PDA

View Full Version : Refresher course on buffing out abrasions and shallow scratches in CC


TheCoatingStore.com

MetalWolf
01-28-2012, 03:38 PM
Need some schooling on buffing out minor abrasions and some small scratches in clear coat

Type of polishing/buffing compound

which buffing power tool and pads would you suggested

Procedure the How To, and the do’s and the don’ts best method

The abrasions’ and scratches aren’t bad enough that they wouldn’t buff out with hand buffing
I tried the hand buffing but the “By hand power” doesn’t work well for me with my arthritis

And way it’s been a long time since I have buffed anything and would appreciate some of the pro’s
Here to sort of give me a little refresher course.

Thanks
Randall

Len
01-28-2012, 10:25 PM
The tools and materials needed depends on the extent of the damage and how much you intend on using these products.

If you only have a couple of small areas to repair you can use a small amount of 2000 grit wet sandpaper (http://autobodystore.net/Merchant2/merchant.mvc?Screen=PROD&Store_Code=ABS&Product_Code=3mimpwetdry&Category_Code=SM) by hand then a 3" backing plate (http://autobodystore.net/Merchant2/merchant.mvc?Screen=PROD&Store_Code=ABS&Product_Code=ST300&Category_Code=T2) with some 3" foam pads (http://autobodystore.net/Merchant2/merchant.mvc?Screen=PROD&Store_Code=ABS&Product_Code=3inpad&Category_Code=T2) on a drill to do the polishing.

If you have larger areas or want to polish then entire car I'd recommend a Makita Polisher (http://autobodystore.net/Merchant2/merchant.mvc?Screen=PROD&Store_Code=ABS&Product_Code=MAK9227CX3&Category_Code=T2), a 6" Backing Plate and 6" polishing pads (http://autobodystore.net/Merchant2/merchant.mvc?Screen=PROD&Store_Code=ABS&Product_Code=SFPADS&Category_Code=T2).

I would probably polish using Sure Finish Polish (http://autobodystore.net/Merchant2/merchant.mvc?Screen=PROD&Store_Code=ABS&Product_Code=SFQ&Category_Code=M3) from start to finish.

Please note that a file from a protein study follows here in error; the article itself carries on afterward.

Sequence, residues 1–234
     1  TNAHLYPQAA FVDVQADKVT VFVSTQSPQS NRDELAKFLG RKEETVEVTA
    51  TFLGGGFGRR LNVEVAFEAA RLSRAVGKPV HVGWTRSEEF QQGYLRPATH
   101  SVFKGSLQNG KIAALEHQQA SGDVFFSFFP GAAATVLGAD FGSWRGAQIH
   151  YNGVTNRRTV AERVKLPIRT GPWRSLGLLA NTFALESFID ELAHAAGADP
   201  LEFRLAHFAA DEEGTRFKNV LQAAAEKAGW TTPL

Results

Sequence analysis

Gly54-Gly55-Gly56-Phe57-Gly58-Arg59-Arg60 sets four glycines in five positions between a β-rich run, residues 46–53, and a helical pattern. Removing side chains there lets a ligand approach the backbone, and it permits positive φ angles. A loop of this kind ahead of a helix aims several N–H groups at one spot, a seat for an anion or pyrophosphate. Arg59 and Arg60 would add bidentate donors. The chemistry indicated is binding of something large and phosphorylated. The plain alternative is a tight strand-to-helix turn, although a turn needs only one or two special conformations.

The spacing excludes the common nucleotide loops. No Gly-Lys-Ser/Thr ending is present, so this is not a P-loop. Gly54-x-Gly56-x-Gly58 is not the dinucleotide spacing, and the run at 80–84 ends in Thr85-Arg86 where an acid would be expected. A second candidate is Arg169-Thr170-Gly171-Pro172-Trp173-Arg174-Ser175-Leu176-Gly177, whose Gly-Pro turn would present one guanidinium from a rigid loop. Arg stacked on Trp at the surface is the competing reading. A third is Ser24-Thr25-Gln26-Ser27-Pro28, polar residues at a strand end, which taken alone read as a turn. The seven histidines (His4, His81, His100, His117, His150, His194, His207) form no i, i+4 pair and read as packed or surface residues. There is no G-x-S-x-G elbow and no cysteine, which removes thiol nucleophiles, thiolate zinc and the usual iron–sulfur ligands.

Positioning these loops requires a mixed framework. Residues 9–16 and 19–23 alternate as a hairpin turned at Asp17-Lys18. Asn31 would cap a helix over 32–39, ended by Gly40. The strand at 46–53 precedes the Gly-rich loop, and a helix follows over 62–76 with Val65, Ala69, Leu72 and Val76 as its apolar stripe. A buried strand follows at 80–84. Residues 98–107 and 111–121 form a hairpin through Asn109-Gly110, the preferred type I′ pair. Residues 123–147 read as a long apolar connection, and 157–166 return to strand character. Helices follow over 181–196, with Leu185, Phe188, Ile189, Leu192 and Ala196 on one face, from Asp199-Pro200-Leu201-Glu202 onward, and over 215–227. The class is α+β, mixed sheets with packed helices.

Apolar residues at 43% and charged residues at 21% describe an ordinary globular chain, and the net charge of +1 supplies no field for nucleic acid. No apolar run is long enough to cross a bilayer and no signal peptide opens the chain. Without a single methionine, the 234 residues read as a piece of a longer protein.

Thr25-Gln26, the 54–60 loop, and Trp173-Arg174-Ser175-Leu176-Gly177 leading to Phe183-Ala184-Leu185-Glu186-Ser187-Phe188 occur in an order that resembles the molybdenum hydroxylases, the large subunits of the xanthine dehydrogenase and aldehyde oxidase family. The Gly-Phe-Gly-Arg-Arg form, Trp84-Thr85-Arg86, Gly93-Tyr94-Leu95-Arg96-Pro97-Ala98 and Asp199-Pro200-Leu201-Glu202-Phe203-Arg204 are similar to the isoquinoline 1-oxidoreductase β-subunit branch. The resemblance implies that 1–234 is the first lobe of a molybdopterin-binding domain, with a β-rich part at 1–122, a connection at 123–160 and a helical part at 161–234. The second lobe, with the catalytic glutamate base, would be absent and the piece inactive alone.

Chances are a scratch in factory paint that you can feel with your fingernail won't be able to be removed totally by sanding and polishing without removing too much paint but most that are just light scratches can be sanded and polished out. The heavier scratches can probably be helped but not eliminated.

Lightly sand the area with the 2000 grit sandpaper wrapped around a stiff pad (http://autobodystore.net/Merchant2/merchant.mvc?Screen=PROD&Store_Code=ABS&Product_Code=DRBAF4405&Category_Code=TFSL). Then do your polishing by applying some Sure Finish Polish to the painted surface and go back and forth with your rotating polishing pad to bring back the gloss. I usually recommend starting slow with medium to heavy pressure then, as the gloss appears lighten up on the pressure.

MetalWolf
01-31-2012, 10:55 AM
Hello Len

Thanks for the info, I have a 3” pneumatic polisher with the white foam pad and yellow foam par and the wool pad the areas are small areas about 3 to 6 inches in diameter I was able to hand rub out some of it by hand but needs a little more compounding and will try to use the 3” polisher.

If you could fill me in on the process of buffing being I haven’t done any in a mechanical buffing in years
Sad it seems I have forgot so much over the years and could use a little advice on how to like how much compound to use how wet to keep it how lightly to buff pressure wise etc.

Len
01-31-2012, 12:36 PM
Hello Len

Thanks for the info, I have a 3” pneumatic polisher with the white foam pad and yellow foam par and the wool pad the areas are small areas about 3 to 6 inches in diameter I was able to hand rub out some of it by hand but needs a little more compounding and will try to use the 3” polisher.

If you could fill me in on the process of buffing being I haven’t done any in a mechanical buffing in years
Sad it seems I have forgot so much over the years and could use a little advice on how to like how much compound to use how wet to keep it how lightly to buff pressure wise etc.

I've emailed our January tip sheet that may have some info you need.

When you first start polishing you want to press a little harder and have a slower rotation of the pad and as you get your gloss back you want to lighten the pressure on he buffer.

Make sure the rotation of the pad rotates OFF of any body lines and panel edges.

Depending on the type of polish you're using you may want to dampen the pad first.

Start light and easy until you get the feel for the process, it should come to you pretty quick.

If you have any specific questions let me know.